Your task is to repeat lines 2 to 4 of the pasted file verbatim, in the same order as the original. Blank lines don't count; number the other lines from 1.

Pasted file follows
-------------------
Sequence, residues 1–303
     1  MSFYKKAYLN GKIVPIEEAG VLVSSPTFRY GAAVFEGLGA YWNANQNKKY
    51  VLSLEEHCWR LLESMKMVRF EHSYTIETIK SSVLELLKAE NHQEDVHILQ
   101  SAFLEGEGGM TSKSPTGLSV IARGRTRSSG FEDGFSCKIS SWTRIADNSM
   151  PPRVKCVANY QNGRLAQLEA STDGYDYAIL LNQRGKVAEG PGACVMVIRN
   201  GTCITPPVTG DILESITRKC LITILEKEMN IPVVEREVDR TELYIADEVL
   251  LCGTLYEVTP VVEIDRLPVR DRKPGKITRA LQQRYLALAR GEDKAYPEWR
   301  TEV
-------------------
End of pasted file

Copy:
     1  MSFYKKAYLN GKIVPIEEAG VLVSSPTFRY GAAVFEGLGA YWNANQNKKY
    51  VLSLEEHCWR LLESMKMVRF EHSYTIETIK SSVLELLKAE NHQEDVHILQ
   101  SAFLEGEGGM TSKSPTGLSV IARGRTRSSG FEDGFSCKIS SWTRIADNSM